'El Paso Strong': Thousands Attend El Paso Memorial for Shooting Victims - NBC 7 San Diego
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'El Paso Strong': Thousands Attend El Paso Memorial for Shooting Victims

Nine circles and 22 stars formed by luminarias adorned the field in honor of the nine people killed in the Dayton, Ohio, mass shooting and the El Paso shooting victims

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    'El Paso Strong': Thousands Attend El Paso Memorial for Shooting Victims
    Larry Collins
    The memorial in El Paso has grown exponentially. (Published Aug. 5, 2019)

    Leaders from both sides of the U.S.-Mexico border gathered in El Paso Wednesday night to memorialize the 22 people killed this month when a gunman opened fire at a Walmart in the Texas border city.

    Thousands of people streamed into the baseball stadium in downtown El Paso with a capacity of 10,000. With some sections blocked off it could hold 8,000 people Wednesday.

    Nine circles and 22 stars formed by luminarias — traditional lanterns made from paper bags, sand, and LED lights — adorned the field in honor of the nine people killed in the Dayton, Ohio, mass shooting and the El Paso shooting victims.

    The ceremony at Southwest University Park officially commemorated those killed in the largely Latino city by a gunman who police say confessed to driving from the Dallas area to target Mexicans. Most of the dead had Hispanic last names, and eight were Mexican nationals. Nearly two dozen others were injured.

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    (Published Tuesday, Aug. 6, 2019)

    Before the commemoration began Wednesday, Texas Gov. Greg Abbott said that the state is adding manpower to gang investigations of white nationalist groups in the wake of the shooting. He also said Texas will create a new domestic terrorism unit to help "root out the extremist ideologies that fuel hatred and violence in our state."

    Abbott and the governor of the neighboring Mexican state, Javier Corral, were expected to speak along with the mayors of El Paso and the neighboring Mexican city of Ciudad Juarez.

    Before Wednesday, the city had opened a center to help people with everything from counseling and financial assistance to figuring out how to get vehicles back after the Aug. 3 shooting.

    The victims' loved ones have been marking their passing with vigils and funerals in the U.S. and Mexico since the Aug. 3 massacre.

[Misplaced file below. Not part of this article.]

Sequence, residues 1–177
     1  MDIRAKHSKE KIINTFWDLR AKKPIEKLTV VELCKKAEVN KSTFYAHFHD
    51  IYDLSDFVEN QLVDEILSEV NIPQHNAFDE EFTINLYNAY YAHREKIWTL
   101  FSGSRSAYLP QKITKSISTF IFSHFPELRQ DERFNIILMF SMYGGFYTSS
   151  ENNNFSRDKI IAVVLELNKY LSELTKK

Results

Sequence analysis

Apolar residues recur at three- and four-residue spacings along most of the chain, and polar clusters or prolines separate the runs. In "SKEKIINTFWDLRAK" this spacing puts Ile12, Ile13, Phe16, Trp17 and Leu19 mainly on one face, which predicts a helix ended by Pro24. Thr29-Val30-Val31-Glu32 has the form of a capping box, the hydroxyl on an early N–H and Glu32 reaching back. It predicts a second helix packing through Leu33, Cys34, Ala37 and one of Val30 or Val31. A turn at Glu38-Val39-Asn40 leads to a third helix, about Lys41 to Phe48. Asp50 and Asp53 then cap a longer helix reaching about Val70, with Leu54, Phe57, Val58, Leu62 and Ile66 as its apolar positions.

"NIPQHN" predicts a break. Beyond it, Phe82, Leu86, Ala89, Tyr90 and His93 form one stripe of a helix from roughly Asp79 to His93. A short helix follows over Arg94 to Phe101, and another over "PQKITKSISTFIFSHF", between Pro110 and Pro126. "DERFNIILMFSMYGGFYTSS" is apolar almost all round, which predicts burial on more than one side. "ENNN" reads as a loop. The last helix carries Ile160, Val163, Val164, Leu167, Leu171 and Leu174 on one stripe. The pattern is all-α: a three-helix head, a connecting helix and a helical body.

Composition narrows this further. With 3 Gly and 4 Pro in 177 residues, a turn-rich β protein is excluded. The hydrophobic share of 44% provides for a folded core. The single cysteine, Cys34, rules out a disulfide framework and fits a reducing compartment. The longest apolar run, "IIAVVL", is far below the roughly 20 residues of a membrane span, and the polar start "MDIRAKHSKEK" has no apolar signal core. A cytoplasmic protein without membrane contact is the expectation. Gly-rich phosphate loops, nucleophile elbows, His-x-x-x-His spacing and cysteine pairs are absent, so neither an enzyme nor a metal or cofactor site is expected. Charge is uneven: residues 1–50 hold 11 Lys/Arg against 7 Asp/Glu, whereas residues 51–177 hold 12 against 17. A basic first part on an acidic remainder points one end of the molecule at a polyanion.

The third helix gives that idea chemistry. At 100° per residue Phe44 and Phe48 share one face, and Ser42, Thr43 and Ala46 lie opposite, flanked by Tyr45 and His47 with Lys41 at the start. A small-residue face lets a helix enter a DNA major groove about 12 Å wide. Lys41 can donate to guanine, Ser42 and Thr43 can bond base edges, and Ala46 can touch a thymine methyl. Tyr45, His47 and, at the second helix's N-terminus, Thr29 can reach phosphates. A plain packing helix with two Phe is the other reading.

Authorities said Wednesday they have finished processing the scene at Walmart for evidence. El Paso police said they are returning control of the property to Walmart.

    Walmart spokeswoman LeMia Jenkins said the store remains a "secure location with controlled access." She said a fence will remain around the store's perimeter and that Walmart is using contracted security guards to prevent trespassing. The company did not say when the store would reopen.

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    Patrick Crusius, 21, is charged with capital murder in the 22 deaths. An online rant investigators have attributed to him speaks of a "Hispanic invasion of Texas" and theories of non-white immigrants replacing whites.

    El Paso has long been an important city in Mexican American culture and immigration . It served as a port of entry where immigrants from the interior of Mexico had to come to gain entry into the United States before World War II and is sometimes called the "Ellis Island" of the border.

    The city has garnered attention in the last year because of the rapid rise of Central American migrants coming to seek asylum.

    On Wednesday, Mexican President Andres Manuel Lopez Obrador said he wants the United States to extradite Crusius so that he can also be tried in Mexico.

    The two countries have had an arrangement in which a suspect convicted in one country can be immediately extradited for trial in the other, before serving his sentence in either country.

    Associated Press writers Paul Weber, Jill Bleed and Mark Stevenson contributed to this report.

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    (Published Monday, Aug. 5, 2019)